Health Care

Take a sneak peek inside Lexington Medical Center’s massive new patient tower

Find your baby in the new mural at Lexington Medical Center

4000 photos of babies born at Lexington Medical Center are integrated into a mural on display in the new maternity area at the hospital.
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4000 photos of babies born at Lexington Medical Center are integrated into a mural on display in the new maternity area at the hospital.

Lexington Medical Center’s new 545,000-square foot tower will treat the first patient in its modern, sun-drenched facility next week. But before then, there are still things to get done: sterilizing operating rooms, finishing IT setup, training hospital staff on where everything is in their new spaces and then the big task of moving everyone over. It’s the final push before the record-breaking project is open.

The tower, which is 12 floors tall, cost $400 million and is the largest hospital expansion in S.C. history based on approved cost and square footage, according to the state Department of Health and Environmental Control. Construction began in May 2016.

The new facility includes a cafeteria and kitchen, a “serenity garden” on the front patio, eight operating rooms (two for open-heart surgery), an expanded surgery recovery area and six floors for medical, critical care and surgical patients. The hospital performed 19,000 surgeries last year, spokesperson Jennifer Wilson said.

A new autopsy area and 71 inpatient beds were also added, as well as 15 triage assessment rooms. A parking garage with more than 950 parking spaces was also built.

A centerpiece of the expansion project, however, is a two-floor birth center that will house labor and delivery, an area for patients who come to the hospital in labor or need temporary evaluation, as well as six pre-birth rooms. A wall in the lobby of the mother and children suite has a mural of a baby, made up of more than 4,000 pictures of babies born at LMC through the years. The hospital collected the images for months while the building was under construction.

Delivery rooms were designed with feedback from hospital staff to make the experience more seamless for patients. The rooms come equipped with a sleeper sofa, rocking chair and reclining chair, as well as a media panel on which guests can control the flat screen TV and plug in headphones so as to not disturb mother and baby. Large windows in the delivery suites and throughout the new tower also allow more natural light into areas previously dominated by fluorescent lights.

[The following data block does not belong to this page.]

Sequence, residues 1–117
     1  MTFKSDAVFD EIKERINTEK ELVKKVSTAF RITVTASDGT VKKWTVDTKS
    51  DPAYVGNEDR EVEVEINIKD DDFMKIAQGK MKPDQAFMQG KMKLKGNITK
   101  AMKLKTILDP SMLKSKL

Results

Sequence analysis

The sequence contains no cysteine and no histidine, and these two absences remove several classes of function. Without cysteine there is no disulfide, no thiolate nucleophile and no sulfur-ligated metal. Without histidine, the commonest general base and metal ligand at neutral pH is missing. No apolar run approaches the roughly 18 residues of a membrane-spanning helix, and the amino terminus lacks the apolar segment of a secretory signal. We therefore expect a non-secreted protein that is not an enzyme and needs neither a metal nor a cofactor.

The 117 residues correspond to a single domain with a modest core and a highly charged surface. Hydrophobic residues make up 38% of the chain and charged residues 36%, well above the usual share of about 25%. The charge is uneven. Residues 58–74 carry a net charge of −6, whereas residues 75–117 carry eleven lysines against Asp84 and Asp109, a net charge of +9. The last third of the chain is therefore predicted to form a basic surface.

The new birth center will also house a mother and baby unit, a newborn nursery, and private special care nurseries with 20 beds. The special care nurseries are private rooms for infants who need to stay at the hospital for additional care. Hospital administrators say LMC decided to build the individual rooms because of studied health benefits.

Research has shown that babies in fragile health gain weight more quickly, experience fewer infections and complications, and thrive more quickly when in secluded, controlled spaces with caregivers.

The private rooms also allow parents to stay at the hospital, close to their infant, for as long as they need to, said Mike Greeley, vice president of operations at the hospital.

The hospital tower — which will be the new North Tower — will “probably” create up to 200 jobs in the coming year, Greeley said. Those jobs will mostly be in food service, cleaning, respiratory therapy, transportation, as well as surgical and labor and delivery positions. Much of the staff from the hospital’s oldest units will be relocated into the new space.

An important feature of the new facility, administrators say, is the room to grow. The tenth floor of the tower can hold an additional 36 beds if needed, and there are additional unused spaces throughout that can later be filled.

The former birth center will become a renovated 17,000-square foot pharmacy department. The cardiac catheterization lab will also grow, Greeley said, and endoscopy will get new suites.

“Many ancillary and support departments are getting the space they deserve,” he said.

The hospital’s main entrance will remain the same, though the North Tower that houses it will be renamed East Tower.

LMC is the main hospital in Lexington County. It also serves patients from several other counties, including Bamberg, Barnwell, Fairfield, Lee, Marlboro, McCormick and Saluda, which no longer have hospitals.

Lexington Medical Center — an octopus of a health system that has satellite offices and physicians’ practices around Lexington County — has filled some of those gaps. From October 2016 to September 2017, the hospital reported 23,033 admissions. That included patients from Aiken (380), Fairfield (176), Kershaw (408), Newberry (503), Orangeburg (709), Richland (4,264) and Saluda (322) counties.

Doors to the hospital’s expansion will open Tuesday for patients and community members who want to see the baby mosaic on Tuesday, March 26. Visitors should enter through the main entrance.

Lexington Medical Center is located at 2720 Sunset Blvd. in West Columbia.

Correction, 11:47 a.m.: This story previously misstated the size of the new patient tower. The tower is 545,000 square feet.

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